DealBook in the New York Times offers a portrait of Gary Gensler who is chairman of the Commodity Futures Trading Commission. I was inspired by Gensler’s story. He moved from Wall Street to Washington to go into public service while raising three girls as a single father. His quest to “overhaul the murky $600 trillion derivatives market” is meeting with the usual resistance from Wall Street insiders who don’t want transparency but do want special treatment. In the interview, Gensler gives us a sense of how the scales are balanced in Washington:
Q. How would you describe the response you’ve received from industry lobbyists?
A. It’s professional. It’s active. We’ve had about 475 meetings in five months. And since the lobbyists haven’t found us on the weekends (usually), you can do the arithmetic. It’s quite a bit.
I will say this: In America, large institutions have a great deal more resources than the investor advocates. If you looked at those 475 meetings — and we’re posting every one of them on our Web site — 90-plus percent are probably larger institutions or corporations.
Q. Can your staff handle the load?
A. This agency, just this past year, got back to the size it was in 1999. We think we need about 400 more people — even though we’re taking on markets that are seven times the size of what we currently regulate and far more complicated. So we’re going to continue to make the case. Even though our great nation has a very large deficit, this is the best investment for taxpayer money.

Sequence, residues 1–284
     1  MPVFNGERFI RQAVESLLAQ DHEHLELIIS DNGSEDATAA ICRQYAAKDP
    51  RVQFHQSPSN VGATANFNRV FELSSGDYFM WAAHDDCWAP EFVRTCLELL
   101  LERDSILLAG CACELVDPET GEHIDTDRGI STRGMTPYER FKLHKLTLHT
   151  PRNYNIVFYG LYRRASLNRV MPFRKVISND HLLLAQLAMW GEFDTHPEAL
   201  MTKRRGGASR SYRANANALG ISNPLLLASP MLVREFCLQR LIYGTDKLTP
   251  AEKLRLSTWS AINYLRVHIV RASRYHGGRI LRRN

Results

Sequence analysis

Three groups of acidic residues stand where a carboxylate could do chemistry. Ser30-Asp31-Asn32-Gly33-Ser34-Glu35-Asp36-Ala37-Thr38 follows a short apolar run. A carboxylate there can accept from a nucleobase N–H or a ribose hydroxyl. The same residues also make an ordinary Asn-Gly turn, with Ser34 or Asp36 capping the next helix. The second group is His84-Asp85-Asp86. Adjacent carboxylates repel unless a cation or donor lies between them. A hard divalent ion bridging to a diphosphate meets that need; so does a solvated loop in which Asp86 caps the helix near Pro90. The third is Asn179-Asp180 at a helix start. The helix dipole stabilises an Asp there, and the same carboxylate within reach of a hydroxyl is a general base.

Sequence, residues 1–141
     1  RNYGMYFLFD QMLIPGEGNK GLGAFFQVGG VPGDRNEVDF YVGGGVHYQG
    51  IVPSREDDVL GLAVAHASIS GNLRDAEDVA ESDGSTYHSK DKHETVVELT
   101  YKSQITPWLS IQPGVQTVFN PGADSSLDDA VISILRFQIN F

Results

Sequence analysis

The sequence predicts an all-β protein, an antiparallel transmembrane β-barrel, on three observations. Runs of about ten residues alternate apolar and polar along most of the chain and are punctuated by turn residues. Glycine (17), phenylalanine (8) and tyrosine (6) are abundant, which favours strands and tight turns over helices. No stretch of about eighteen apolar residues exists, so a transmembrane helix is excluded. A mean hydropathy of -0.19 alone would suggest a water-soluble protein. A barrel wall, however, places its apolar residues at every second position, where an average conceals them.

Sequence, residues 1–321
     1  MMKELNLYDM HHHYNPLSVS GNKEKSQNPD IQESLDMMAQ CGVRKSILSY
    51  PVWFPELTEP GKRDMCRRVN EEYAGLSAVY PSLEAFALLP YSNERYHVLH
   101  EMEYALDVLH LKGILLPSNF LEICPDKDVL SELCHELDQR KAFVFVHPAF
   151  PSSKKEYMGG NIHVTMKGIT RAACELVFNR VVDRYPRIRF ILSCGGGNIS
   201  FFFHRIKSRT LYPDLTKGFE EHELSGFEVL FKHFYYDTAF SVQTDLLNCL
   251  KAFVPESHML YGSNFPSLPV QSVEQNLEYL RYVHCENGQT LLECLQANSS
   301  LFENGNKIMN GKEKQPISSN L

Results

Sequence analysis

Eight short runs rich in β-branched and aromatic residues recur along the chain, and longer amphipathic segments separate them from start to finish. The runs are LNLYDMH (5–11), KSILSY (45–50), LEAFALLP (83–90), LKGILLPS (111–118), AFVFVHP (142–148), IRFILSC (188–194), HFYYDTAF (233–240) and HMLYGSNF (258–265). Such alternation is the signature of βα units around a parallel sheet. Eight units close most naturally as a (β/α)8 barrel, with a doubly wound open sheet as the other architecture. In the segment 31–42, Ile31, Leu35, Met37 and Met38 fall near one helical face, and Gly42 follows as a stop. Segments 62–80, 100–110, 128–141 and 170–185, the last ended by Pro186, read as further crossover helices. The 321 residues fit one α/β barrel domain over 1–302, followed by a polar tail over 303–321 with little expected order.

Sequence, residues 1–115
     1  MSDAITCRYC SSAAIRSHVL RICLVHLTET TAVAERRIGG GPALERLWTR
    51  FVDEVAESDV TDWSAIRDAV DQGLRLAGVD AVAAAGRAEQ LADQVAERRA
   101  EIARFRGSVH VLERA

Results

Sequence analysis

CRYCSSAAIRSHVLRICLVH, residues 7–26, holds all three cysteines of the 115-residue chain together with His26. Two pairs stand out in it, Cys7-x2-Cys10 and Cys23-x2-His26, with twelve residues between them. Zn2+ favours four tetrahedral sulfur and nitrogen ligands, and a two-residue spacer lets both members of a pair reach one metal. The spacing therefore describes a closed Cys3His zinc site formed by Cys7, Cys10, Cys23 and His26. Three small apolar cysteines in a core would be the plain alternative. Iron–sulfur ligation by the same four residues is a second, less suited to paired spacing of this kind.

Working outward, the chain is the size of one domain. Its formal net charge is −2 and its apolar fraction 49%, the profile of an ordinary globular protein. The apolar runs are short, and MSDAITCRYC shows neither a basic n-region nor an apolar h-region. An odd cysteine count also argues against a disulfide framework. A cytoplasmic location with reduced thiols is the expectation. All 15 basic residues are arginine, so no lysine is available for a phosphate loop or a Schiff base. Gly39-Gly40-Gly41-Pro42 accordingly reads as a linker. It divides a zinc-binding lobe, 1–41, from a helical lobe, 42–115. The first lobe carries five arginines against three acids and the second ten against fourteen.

Q. Republicans have said that the C.F.T.C. is moving too fast in developing regulations. Are they right?
A. I think we have to remember there was a great financial crisis in 2008. Every American was affected — millions of Americans are out of work, millions of Americans have homes that are worth less than their mortgages. Derivatives played a role in that.
I found it fascinating that Gensler let us in on the game in Washington. Here’s the link to the list of external meetings on the CFTC website.
There’s not any detailed information about what goes on in the meetings but it’s nice to see an agency reporting on who’s knocking at the door. In Gov 2.0 terms, this is progress. The next step is to have live webcams present.
Still, lobbyists get an all-access pass to government agencies. Those are the voices that are heard in DC. Even if they don’t get what they want, they use up as much time as possible — and that seems to be part of the game. It’s a slow-down offense — if they can’t get an easy basket, they just keep passing the ball back and forth, making the agency stay on defense. Funny that Gensler can be accused of moving too fast on regulation, three years after the financial crisis.
Gensler seems determined to do what’s best, even though he’s besieged by lobbyists. I certainly hope he succeeds.
And Gensler might also have more than just lobbyists to worry about. In a separate story written for Monday, Man Accused of Threatening to Kill Regulators, Dealbook reports that Gary Gensler received threats from a NY money manager who was also targeting 47 different federal regulators. The man was arrested on Friday.